In the MPEG2 Advanced Audio Coder (AAC) standard, TNS is currently implemented by defining one filter for a given frequency band, and then switching to another filter for the adjacent frequency band when the signal structure in the adjacent band is different than the one in the previous band. This process continues until the need for filters is resolved or, until the number of permissible filters is reached. With respect to the latter, the AAC standard limits the number of filters used for a block to either one filter for a “short” block or three filters for a “long” block. In cases where the need for additional filters remains but the limit of permissible filters has been reached, the frequency spectra not covered by a TNS filter do not receive the beneficial masking effects of TNS.

This current practice is not an effective way of deploying TNS filters for most audio signals. For example, it is often true for an audio signal that a main (or stronger) signal is superimposed on a background (or weaker) signal which has a different temporal structure. In other words, the audio signal includes two sources, each with different temporal structures (and hence TNS filters) and power spectra, such that one signal is audible in one set of frequency bands, and the other signal is audible in another set of frequency bands. FIG. 1C illustrates such a signal within a single long block. The signal in FIG. 1C is composed of the two signals shown in FIGS. 1A and 1B, each of which have different temporal structures (envelopes). The corresponding spectra of these signals are shown in FIGS. 1D-1F, respectively. From FIG. 1F, it can be seen that the signal shown in FIG. 1A is audible in the set of frequency bands b2, b4, b6 and b8. In contrast, the signal shown in FIG. 1B is audible in the bands b1, b3, b5 and b7. In order for the entire spectra of the signal to be covered by TNS filters, the current implementation requires eight filters, the encoding of which would consume too many bits using the AAC syntax, and thus, is not permitted by the AAC standard. To comply with the AAC standard, only three filters, e.g., those corresponding to bands b1, b2 and b3 are coded for transmission to the receiver. This results in part of the spectrum (e.g., b4 through b8) not being covered by TNS filters, with the adverse effect that audible artifacts may appear in the reconstructed signal.

SUMMARY OF THE INVENTION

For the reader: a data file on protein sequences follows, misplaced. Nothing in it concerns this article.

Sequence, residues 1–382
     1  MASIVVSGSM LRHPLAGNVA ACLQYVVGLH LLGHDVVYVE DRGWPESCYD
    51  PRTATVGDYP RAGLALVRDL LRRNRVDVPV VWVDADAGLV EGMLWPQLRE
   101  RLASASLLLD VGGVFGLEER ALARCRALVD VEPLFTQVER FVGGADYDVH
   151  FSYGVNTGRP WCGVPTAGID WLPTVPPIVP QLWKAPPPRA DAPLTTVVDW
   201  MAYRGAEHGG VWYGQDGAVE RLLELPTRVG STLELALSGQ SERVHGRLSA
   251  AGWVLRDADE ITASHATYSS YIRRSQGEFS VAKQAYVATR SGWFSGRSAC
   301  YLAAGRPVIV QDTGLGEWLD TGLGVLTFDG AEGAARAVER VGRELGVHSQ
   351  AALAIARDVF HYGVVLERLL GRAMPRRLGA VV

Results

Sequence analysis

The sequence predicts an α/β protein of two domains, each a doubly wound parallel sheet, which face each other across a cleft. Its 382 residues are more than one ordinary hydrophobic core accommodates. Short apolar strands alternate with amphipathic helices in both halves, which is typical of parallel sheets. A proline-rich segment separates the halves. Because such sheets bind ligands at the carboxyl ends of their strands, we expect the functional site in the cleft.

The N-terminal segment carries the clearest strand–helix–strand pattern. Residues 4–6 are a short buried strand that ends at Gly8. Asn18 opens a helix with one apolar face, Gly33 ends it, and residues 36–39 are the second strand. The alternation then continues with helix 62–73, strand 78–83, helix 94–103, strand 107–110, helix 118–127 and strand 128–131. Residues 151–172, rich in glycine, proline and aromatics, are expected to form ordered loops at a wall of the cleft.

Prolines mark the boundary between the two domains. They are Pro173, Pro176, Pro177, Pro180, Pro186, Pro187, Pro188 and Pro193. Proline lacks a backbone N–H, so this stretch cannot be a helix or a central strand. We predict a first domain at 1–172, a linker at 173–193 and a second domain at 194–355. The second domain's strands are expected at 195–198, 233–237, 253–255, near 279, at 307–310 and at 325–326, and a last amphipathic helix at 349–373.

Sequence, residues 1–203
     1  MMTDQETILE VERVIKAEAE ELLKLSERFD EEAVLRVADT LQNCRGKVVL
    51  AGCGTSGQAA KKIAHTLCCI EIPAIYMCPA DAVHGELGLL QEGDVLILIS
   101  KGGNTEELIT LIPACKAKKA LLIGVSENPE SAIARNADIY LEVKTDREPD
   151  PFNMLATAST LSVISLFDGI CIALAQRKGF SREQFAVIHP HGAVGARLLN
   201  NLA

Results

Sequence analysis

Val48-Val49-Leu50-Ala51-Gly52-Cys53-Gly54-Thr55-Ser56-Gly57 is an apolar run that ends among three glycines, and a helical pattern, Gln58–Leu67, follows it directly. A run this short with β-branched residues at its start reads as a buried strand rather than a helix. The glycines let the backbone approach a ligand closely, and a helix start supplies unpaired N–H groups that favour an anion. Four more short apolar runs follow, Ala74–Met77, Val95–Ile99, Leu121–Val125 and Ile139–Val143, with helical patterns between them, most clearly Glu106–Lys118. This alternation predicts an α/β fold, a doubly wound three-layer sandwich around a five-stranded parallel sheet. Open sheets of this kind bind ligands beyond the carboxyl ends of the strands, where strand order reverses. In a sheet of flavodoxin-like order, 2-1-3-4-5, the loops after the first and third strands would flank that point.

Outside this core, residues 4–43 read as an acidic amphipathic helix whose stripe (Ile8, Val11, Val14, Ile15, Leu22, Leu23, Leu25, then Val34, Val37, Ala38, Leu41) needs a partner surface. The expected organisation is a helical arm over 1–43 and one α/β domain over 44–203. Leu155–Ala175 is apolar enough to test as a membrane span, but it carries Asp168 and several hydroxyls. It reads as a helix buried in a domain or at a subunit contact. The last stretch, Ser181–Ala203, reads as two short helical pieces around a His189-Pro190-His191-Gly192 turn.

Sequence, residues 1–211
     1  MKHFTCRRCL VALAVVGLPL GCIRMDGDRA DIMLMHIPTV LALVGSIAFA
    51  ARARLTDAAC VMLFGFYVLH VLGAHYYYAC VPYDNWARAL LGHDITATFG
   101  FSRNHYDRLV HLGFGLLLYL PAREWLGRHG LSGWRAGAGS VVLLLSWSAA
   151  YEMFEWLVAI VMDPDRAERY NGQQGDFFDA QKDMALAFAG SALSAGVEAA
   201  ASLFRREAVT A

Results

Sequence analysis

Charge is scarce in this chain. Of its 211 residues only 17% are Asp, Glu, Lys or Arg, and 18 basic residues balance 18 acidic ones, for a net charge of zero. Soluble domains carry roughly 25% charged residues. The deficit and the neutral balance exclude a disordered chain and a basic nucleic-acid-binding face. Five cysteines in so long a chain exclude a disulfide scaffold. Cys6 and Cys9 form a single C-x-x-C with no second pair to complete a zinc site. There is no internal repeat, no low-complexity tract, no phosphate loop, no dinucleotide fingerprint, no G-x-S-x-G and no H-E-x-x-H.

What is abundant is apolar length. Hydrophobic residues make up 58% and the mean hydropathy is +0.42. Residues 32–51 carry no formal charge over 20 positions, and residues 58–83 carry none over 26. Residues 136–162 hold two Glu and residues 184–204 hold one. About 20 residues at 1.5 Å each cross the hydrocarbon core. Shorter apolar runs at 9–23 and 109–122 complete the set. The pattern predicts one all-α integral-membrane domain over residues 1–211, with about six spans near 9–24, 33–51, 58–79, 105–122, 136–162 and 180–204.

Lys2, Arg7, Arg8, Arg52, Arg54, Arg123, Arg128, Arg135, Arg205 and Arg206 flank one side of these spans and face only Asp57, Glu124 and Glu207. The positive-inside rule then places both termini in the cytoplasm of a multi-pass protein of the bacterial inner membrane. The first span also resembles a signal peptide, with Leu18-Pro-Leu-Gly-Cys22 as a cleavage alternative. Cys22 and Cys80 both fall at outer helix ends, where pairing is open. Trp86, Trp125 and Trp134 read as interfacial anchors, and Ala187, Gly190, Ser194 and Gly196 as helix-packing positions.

The above-identified problems are solved and a technical advance is achieved in the art by providing a method for effectively deploying TNS filters for use in processing audio signals. An exemplary method includes calculating a filter for each of a plurality of frequency bands; determining a Euclidean distance between coefficients of filters in adjacent frequency bands; and merging filters with a shortest Euclidean distance between coefficients.

An alternate method includes calculating a filter for each of a plurality of frequency bands; comparing coefficients of filters in adjacent frequency bands to identify a pair of filters with a shortest Euclidean distance between coefficients; merging the pair of filters; repeating steps a) through c) until a predetermined number of total filters is reached.

An additional method of deploying a filter includes determining a first filter for a first frequency range; determining a second filter for a second frequency range, the second frequency range including the first frequency range; calculating a first Euclidean distance using coefficients of the first filter; calculating a second Euclidean distance between coefficients of the first filter and coefficients of the second filter; calculating a first prediction gain using the first filter; calculating a second prediction gain between the first filter and the second filter; and if the second Euclidean distance is greater than the first Euclidean distance and the second prediction gain is less than the first prediction gain, then deploying the first filter for the first frequency range.